How many times have those rumbling noises stopped you going on a morning session on an empty stomach? If you consider yourself someone who cares about fitness, then the answer to the question is probably – a lot. But what should you do in those types of situations? Should you push through the hunger, and potentially “undo” all the good you do in your training, or should you get stuffed and get those terrible cramps?
In order to try to answer those questions we’ve searched around the web, and we’ve gathered some general tips for pre-workout meals. Nutritional experts from Perth have indicated that depending on the type of training you’re planning, you need to plan out your meals. Adenosine triphosphate is something that gets broken down very fast. After that body uses sugar from glucose, and in endurance training, the body uses stored carbohydrates to provide sustained energy. Knowing what type of energy is necessary for your body, you need to properly plan how to fuel it.
Fueling your body properly before workouts can make you get the maximum out of those sessions, and it can help you build your muscle mass faster. There are some general tips you should take in consideration when it comes to pre-workout meals.
Define the intensity
The intensity of your training sessions should dictate how you eat before them. However, this doesn’t mean you should stuff yourself with food before hard intensity training. Doing this will aim a lot of energy from your body to digestion, which can slow its development in training.
Professional sports doctors from Sydney, Australia, have stated that: “Harder the session, smaller the meal, or if not smaller than taken slowly and at least 3 – 5 hours before the workout”. Lighter sessions don’t call for a pre-workout meal, and if you know you don’t have much time between a meal and already planned out training, sometimes is best to skip the meal, and balance it out after the workout.
Time your meals
Properly planning the meals is something that can be incredibly helpful, even if you’re not working out. Our body gets used to certain regimes, and once those regimes and timelines are in sync with our metabolisms in the best possible way, our bodies benefit in the best possible way.
You should time your meals as it best suits your needs, but there is a general ‘rule of thumb’ when it comes to pre-workout meals and it says – closer to the training session you are, smaller the meal should be. Eating heavier food few hours before the training can be quite efficient, but stuffing yourself just before a workout may cause some unpleasant problems.
Choose the right food
Defining the right food for your pre-workout meals is almost as essential as planning out the training sessions. There are some types of nutrients that have proven to show best results when consumed properly before training and here are some of them:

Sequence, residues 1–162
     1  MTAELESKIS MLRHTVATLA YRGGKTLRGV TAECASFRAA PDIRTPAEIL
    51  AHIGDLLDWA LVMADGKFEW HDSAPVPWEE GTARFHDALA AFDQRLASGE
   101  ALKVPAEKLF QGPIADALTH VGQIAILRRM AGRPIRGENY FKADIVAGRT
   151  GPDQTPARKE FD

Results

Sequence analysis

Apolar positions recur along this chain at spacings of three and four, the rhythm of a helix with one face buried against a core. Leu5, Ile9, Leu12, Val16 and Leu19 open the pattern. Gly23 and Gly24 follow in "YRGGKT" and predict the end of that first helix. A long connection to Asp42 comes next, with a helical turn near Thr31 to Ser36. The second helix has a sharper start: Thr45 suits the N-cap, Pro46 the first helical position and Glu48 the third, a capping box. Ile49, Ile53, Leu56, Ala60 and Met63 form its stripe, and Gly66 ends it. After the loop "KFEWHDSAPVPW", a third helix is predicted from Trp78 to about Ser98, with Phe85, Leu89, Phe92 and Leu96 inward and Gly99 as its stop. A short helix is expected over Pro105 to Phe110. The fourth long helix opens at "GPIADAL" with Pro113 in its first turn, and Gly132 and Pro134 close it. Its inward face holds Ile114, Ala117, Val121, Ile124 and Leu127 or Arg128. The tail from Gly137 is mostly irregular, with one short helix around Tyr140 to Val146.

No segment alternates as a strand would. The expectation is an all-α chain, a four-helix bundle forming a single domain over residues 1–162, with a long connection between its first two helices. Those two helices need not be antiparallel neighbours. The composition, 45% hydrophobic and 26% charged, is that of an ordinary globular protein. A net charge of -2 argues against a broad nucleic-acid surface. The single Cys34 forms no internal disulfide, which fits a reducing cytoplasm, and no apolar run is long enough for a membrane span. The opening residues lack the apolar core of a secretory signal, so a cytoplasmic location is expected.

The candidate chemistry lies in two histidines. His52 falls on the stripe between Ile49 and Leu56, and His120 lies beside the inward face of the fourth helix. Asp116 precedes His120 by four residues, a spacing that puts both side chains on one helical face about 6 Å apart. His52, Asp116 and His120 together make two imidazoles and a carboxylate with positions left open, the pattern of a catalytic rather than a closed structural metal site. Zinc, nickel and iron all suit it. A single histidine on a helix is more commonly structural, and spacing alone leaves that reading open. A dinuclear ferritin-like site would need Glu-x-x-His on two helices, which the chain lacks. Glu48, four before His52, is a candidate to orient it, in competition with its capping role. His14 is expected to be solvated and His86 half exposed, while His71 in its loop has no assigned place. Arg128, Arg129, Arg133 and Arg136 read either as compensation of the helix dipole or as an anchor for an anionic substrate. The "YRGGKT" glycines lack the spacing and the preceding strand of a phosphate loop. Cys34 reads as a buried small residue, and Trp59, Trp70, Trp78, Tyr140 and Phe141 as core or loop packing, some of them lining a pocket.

- Yogurt, Greek yogurt, and smoothies – Greek yogurt is packed with high-quality protein, yogurt has amazing digestive properties that help speed up metabolic processes and it can help your body receive the needed energy faster. Smoothies are the best combination of glucose needed for the training sessions, and they are incredibly easy to make, so if you need a quick pre-workout snack, some fruit like berries, apples or bananas, combined with yogurt and Greek yogurt are just a thing for you.
- Protein supplements – Protein represents the building material for muscle mass, so in order to get the right dose of protein, you can rely on various supplements. Protein Australia for example, among many others, provides various great protein supplements you can use in your everyday routine. They can be added in regular meals or made as a protein shake, but with those supplements, you get to control the protein intake precisely and plan the training and body development with ease.
- Oatmeal and Whole Grain bread – We all know that oats are filled with fiber which gradually releases carbohydrates into your bloodstream. This energy stream can help with maintaining constant energy levels during workouts. Oats are also filled with vitamin B that helps convert those carbohydrates into energy. Wholegrain bread is another great source of carbohydrates, and as various Australian nutritional experts agree – a slice of wholegrain bread with some turkey slices can provide just the right energy boost for the training sessions if consumed about an hour or 45 minutes before.
In order to get the best out of your body, you must listen to it and adapt your needs to your training. With proper and strategic planning, you can easily build our body, and you can skip those tummy-rumbling moments of awkwardness in the gym. Make sure you avoid eating fatty foods or candies, as they tend to cause sugar rush which ends up quite fast, leaving you exhausted in the middle of your training session. Look how your body reacts to different regimes, and soon you will find the best nutritional solution for your pre-workout meals.